VEXcode: Unable to Launch Compiler; Students not allowed access to Command Prompt

So my school IT department does not allow student computers to access the command prompt, which is what I guess VexCode needs to download a program from the computer to the robot brain. I called VEX support and they told me my IT department is to strict. I called my IT department and they said there is no way they will allow students to access the command line as anyone with a couple hours and a youtube video can do major damage to our school network/informaton/etc…
Any solutions out there? I feel like we are dead in the water, stuck with just driving robots around and not being able to program.
Much appreciation for any suggestions.

If you have a home computer then you could use that to code your robots. Edit I forgot to ask are your school computers windows, chromebook or mac?

Robotmesh may be a solution, but there is also a plugin that has to be authorized. My school district did the plugin auth with a phone call.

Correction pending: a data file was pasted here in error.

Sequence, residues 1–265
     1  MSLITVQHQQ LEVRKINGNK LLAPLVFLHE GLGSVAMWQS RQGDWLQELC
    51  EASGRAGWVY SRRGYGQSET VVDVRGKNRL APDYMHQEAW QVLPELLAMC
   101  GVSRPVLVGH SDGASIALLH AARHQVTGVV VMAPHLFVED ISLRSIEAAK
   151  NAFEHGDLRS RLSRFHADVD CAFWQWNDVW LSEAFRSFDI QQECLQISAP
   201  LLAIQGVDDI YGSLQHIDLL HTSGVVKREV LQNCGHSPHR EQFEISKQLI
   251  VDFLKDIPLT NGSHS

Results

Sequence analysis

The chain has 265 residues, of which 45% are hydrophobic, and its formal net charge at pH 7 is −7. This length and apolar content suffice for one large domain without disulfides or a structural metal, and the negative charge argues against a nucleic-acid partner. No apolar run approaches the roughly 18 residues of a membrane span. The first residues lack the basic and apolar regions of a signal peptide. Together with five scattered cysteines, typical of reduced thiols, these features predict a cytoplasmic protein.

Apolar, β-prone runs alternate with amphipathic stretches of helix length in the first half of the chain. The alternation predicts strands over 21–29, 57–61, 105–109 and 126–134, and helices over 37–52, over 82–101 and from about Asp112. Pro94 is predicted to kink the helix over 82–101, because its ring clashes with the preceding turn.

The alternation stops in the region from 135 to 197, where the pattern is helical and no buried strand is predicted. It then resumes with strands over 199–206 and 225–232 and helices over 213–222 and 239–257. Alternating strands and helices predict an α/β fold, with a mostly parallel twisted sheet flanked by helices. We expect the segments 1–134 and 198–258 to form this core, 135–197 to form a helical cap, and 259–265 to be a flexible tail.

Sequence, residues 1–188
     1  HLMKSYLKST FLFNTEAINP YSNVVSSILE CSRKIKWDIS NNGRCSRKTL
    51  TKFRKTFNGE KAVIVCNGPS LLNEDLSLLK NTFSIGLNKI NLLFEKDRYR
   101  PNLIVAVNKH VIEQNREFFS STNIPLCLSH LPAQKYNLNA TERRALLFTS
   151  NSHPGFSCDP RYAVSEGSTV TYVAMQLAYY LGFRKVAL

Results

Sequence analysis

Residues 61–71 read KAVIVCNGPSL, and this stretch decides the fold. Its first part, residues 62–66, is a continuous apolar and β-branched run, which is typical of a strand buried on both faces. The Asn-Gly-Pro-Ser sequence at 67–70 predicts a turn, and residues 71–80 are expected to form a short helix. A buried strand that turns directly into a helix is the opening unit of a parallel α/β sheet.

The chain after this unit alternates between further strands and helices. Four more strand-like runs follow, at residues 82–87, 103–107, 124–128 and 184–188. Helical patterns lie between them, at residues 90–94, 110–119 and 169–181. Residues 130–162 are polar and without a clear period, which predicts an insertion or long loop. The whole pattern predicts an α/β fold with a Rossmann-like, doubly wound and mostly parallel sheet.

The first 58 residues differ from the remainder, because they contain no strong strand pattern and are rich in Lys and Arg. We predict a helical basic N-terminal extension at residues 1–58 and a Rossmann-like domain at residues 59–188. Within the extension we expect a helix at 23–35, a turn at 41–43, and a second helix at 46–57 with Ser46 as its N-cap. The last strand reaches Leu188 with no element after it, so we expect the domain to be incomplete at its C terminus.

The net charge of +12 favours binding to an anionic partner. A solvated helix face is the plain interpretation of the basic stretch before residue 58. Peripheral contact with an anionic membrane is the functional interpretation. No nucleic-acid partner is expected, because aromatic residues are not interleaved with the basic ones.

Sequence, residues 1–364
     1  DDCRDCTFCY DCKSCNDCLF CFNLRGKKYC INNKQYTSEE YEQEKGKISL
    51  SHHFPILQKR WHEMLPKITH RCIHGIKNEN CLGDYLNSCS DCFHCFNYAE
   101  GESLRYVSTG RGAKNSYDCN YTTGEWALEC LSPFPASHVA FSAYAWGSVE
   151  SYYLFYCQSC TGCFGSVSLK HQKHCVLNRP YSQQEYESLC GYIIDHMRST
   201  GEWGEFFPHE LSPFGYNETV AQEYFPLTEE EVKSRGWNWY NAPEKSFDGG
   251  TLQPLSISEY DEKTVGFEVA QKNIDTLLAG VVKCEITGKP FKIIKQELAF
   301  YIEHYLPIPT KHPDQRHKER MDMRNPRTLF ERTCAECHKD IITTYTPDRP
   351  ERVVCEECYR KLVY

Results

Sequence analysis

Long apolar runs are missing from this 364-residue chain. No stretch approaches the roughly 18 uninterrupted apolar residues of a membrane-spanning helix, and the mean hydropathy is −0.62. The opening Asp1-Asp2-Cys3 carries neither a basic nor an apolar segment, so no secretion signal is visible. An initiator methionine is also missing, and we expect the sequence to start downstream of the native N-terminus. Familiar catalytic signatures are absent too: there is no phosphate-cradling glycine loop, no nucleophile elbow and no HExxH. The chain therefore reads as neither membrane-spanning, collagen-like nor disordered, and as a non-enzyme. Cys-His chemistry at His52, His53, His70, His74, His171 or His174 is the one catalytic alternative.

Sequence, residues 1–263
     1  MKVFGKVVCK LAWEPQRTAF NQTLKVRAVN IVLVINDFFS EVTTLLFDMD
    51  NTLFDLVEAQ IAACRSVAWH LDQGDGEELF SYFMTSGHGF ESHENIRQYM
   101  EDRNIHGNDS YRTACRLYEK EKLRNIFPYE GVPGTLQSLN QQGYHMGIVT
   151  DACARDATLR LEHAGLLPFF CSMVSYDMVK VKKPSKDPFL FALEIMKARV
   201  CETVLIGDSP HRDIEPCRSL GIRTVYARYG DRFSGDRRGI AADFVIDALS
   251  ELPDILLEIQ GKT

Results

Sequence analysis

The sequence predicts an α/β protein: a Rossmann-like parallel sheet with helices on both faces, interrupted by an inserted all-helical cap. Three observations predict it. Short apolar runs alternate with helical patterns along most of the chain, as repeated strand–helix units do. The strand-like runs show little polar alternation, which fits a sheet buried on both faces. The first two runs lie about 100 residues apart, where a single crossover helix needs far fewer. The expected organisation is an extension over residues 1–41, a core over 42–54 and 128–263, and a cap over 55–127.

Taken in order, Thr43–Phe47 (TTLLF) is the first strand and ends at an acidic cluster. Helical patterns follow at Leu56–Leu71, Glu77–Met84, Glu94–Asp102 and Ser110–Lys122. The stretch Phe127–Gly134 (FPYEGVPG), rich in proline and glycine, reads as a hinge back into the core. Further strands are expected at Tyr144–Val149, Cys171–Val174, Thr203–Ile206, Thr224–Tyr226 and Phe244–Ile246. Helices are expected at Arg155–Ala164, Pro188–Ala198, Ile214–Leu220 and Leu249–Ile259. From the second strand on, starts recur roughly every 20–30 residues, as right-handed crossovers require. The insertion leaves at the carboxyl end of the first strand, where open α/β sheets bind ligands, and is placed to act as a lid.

Thanks for your reply.
Computers in our lab are Dell running the latest version of Windows

Foster, I am unfamiliar with Robotmesh. I will look into that.
I have a classroom full of great robotics equipment this year but no way to let the kids program at this point… very discouraging :pensive:
But thanks for your suggestion!

They don’t know how to properly secure the school network/information/etc., lol. It is entirely possible to have a limited command line environment, or even isolate all robotics computers from the larger network - they should be isolating sensitive departments anyway for security.

I don’t have any solutions as my school computers work fine with VexCode and PROS, but I am sorry that you have to deal with such an incompetent IT department.

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This just showed up in my second chance feed, sorry for the late post. I don’t know about the OP situation, but school districts that I have dealt with err on the side of caution. They lock because they are running networks at multiple schools and administration buildings. It’s very hard to keep people from clicking stupid links. School level firewalls are common, blocking proxy servers driven at the network level for all traffic, not just the ones at the browser level. Active directory domains that control everything, with hourly scans for new rogue admin accounts.